March 25: Crystalline

Date #25March 25: Today is the second-last day of the Castlemaine State Festival, prompting a last-minute rush to catch closing shows. Artist-built and artist-run ‘studio village’ Lot 19 was on the list.

Castlemaine is a mining town with an ambivalent relationship with that lucrative but devastating industry. Castlemaine Art Museum and Lot 19 shared portions of a larger exhibition The Extractive Frontier: Mining for Art curated by Beverly Knight of Alcaston Gallery specialising in Australian Indigenous art, and Associate Professor Clare Wright of La Trobe University, whose current research project is Red Dirt Dreaming: Re-Imagining the History of Mining in Australia. The exhibitions brought together twenty-one artists, indigenous, national and international, and included two stunning photographic prints. These were the result of a collaboration between Taloi Havini and Stuart Miller.

Havini was born in 1981 into the Nakas clan in Arawa of the Autonomous Region of Bougainville, which in 1964 became the site of copper mining by Australia’s Conzinc Rio Tinto. In the face of the big miner’s incursion the people of Bougainville found themselves stripped of all land rights under Crown Law mining regulations and the Moroni Valley became the world’s largest open-cut mine. I can attest, from my own ill-fated fights with mining companies as a shire councillor, that the law also has effect in Australia, enshrined in the right of ‘the Crown’ to minerals underneath both crown and ‘freehold’ land.

Havini’s own pictures (below, not in the exhibition) tell the story of the aftermath of unregulated mining and document the poisonous wastes that still percolate from the central ranges of the Panguna mine in central Bougainville, through the Kawerong and Jaba River, over the floodplains on the west coast and into the ocean, leaving a toxic verdigris discharge.

Havini.jpg

Resentment against the mine and the fact that most profits left the island were major catalysts in the unrest in Bougainville in the 1970s and 1980s, leading to the Bougainville Civil War, which lasted from 1988 until 1998, leaving an estimated 15,000 to 20,000 Bougainvilleans dead and over 60,000 had become displaced persons by the mid-1990s and thousands more had fled to the nearby Solomon Islands.

As it is in Central Victoria, where Havini’s images are being exhibited in the Castlemaine State Festival, the virgin forests and rich fertile soil that once occupied this area are unlikely ever to return. The animals that once lived in the valley have either been buried or killed by copper leaching. Havini emigrated to Australia aged nine, and lives in Melbourne, Sydney and Buka, working in ceramics, photography, printmedia, video and mixed media installation.

Her Blood Generation series is a collaboration with advertising photographer Stuart Miller and commemorates the moment when women landowners stood against mining on their land traditionally granted to them through matrilineal land systems; the basis of their subsistence as well as their sacred place. Opposing the mine’s construction, the proud and defiant women chained themselves and their children to the trucks in protest.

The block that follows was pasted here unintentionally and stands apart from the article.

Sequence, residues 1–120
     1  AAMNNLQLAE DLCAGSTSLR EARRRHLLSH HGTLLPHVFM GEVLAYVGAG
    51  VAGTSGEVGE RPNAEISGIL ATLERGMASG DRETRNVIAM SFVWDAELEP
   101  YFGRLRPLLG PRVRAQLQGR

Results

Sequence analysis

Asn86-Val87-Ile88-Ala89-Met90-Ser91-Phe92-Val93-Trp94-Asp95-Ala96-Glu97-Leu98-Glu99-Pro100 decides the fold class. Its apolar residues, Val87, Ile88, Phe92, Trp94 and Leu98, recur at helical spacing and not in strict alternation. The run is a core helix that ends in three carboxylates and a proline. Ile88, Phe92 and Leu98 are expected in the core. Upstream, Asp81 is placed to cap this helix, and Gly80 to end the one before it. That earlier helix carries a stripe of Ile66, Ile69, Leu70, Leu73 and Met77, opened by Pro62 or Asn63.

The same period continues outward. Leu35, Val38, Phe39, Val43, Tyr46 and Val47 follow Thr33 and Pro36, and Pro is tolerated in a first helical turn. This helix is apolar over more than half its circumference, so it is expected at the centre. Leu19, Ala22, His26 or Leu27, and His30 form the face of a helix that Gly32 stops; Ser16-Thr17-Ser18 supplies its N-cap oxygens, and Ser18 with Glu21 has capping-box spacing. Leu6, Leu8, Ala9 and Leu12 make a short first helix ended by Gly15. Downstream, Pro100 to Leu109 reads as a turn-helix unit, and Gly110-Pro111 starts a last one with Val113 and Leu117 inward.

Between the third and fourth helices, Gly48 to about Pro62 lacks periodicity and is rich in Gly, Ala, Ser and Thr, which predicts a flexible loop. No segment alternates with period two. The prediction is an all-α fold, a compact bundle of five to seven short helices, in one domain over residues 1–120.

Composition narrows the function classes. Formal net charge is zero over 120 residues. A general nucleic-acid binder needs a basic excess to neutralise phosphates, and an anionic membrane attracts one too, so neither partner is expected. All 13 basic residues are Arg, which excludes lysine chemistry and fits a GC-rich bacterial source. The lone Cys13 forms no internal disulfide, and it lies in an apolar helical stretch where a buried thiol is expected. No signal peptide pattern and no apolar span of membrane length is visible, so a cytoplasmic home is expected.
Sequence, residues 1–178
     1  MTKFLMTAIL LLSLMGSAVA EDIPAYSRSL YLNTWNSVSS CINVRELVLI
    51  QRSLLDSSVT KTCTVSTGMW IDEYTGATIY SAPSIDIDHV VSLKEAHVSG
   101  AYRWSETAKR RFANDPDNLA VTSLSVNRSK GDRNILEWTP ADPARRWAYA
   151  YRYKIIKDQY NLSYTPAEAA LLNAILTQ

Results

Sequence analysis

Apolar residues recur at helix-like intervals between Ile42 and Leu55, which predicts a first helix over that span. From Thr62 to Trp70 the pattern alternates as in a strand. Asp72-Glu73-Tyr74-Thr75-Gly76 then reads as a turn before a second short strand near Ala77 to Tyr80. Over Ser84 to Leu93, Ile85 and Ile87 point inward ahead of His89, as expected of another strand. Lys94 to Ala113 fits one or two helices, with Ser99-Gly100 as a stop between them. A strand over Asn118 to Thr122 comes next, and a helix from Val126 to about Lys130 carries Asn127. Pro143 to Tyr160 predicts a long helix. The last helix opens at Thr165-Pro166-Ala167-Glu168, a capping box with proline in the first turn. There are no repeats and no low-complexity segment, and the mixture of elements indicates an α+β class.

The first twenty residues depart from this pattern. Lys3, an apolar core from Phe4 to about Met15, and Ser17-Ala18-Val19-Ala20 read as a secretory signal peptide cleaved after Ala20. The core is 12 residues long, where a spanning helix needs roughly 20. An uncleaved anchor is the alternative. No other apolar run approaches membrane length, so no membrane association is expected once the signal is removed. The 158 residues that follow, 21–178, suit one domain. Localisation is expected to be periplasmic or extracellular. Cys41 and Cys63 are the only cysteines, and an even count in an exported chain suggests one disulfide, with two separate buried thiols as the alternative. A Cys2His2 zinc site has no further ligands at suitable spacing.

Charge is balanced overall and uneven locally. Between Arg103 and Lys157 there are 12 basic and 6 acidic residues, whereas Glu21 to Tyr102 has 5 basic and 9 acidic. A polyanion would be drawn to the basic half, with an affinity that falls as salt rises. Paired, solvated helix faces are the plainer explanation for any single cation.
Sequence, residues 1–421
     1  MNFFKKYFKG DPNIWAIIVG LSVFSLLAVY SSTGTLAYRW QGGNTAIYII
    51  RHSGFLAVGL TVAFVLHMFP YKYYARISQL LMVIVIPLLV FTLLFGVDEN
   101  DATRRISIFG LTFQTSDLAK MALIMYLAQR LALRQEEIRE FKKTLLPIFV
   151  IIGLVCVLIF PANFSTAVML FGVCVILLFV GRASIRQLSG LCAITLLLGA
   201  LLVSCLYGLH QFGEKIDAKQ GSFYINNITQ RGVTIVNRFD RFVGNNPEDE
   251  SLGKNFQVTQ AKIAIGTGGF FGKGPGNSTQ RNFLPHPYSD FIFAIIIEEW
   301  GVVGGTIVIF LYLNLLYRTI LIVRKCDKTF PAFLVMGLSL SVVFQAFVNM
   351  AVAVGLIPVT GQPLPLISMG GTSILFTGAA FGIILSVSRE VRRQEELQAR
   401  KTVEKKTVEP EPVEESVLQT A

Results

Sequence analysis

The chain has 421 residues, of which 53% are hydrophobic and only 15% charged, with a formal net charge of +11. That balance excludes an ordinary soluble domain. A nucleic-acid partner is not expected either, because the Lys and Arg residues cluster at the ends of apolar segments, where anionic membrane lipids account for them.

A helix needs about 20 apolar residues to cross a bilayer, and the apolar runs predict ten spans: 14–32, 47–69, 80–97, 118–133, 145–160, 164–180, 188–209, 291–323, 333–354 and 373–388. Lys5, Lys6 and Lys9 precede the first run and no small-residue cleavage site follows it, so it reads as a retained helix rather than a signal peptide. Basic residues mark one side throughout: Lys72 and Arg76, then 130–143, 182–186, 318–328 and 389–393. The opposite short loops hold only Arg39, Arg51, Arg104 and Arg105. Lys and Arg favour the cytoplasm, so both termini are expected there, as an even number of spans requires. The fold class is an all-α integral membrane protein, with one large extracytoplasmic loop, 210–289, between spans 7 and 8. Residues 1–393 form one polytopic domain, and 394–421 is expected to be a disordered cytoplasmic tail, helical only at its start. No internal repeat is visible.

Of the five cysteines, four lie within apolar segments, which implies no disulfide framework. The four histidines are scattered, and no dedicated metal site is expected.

To Havini’s direction, Miller visually recounts the story through a series of dramatised vignettes around the Panguna copper mine, the site of the bloody conflict that raged between 1988–2001 and still the locus of memories of loss and despair. The most powerful is this confrontation of Sami and a giant earth-mover.

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Tatoi Havini and Stuart Miller, photographer, (2009) Sami and the Panguna Mine II

I remember the image as black and white in the exhibition, but even in this reproduction the colour is subdued as if coated in verdigris, in contrast with the natural environment. The shovel and the tiny female figure, made all the more diminutive by being posed at a greater distance, are placed just either side of the centre line. The brute forms of the mechanical shovel loom across an entire half of the image, opposing wisps of mist that drift over the mountain at right. Mining had ceased on 15 May 1989, and the image is a reenactment 20 years later by one of the so called ‘Blood Generation’; those born into or immediately after the conflict.

Accompanying the image above, and actually part of a triptych (perhaps lack of space prevented the entire group being exhibited) is the vivid image of a man up to his neck in opalescent, but almost metallic, water. The sculptural form of an outrigger canoe is placed in alignment with the edge and bottom of frame. Miller, a well-practiced studio professional, lights the scene with flash as he does with most of the series, inlaying the figures with solid relief into their environmental settings. By lighting the man’s face he opens what would otherwise be dark silhouette against the sun coming in from rear left, and illuminating he inside of the canoe in such a way as to pull its form inside out. A disturbing image results. These were big prints and yet crystal clear where the focus of the images was placed. In 2009 when they were shot, no doubt the originals were on film. Those displayed were digital prints made in 2015.

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Made on location in Bougainville, the series consists of portraits of sombre, sublimely handsome young males and females photographed variously amongst the mine tailings, in mountain streams, in boxing rings, in thick undergrowth or on abandoned runways.

Created as talks resumed around the reopening of the mine, Havini’s direction of the series has produced unforgettable portraits. They assert the strength and cultural resilience these island people who are unlikely to forget and give in to the avaricious forces  of mining.

 

 

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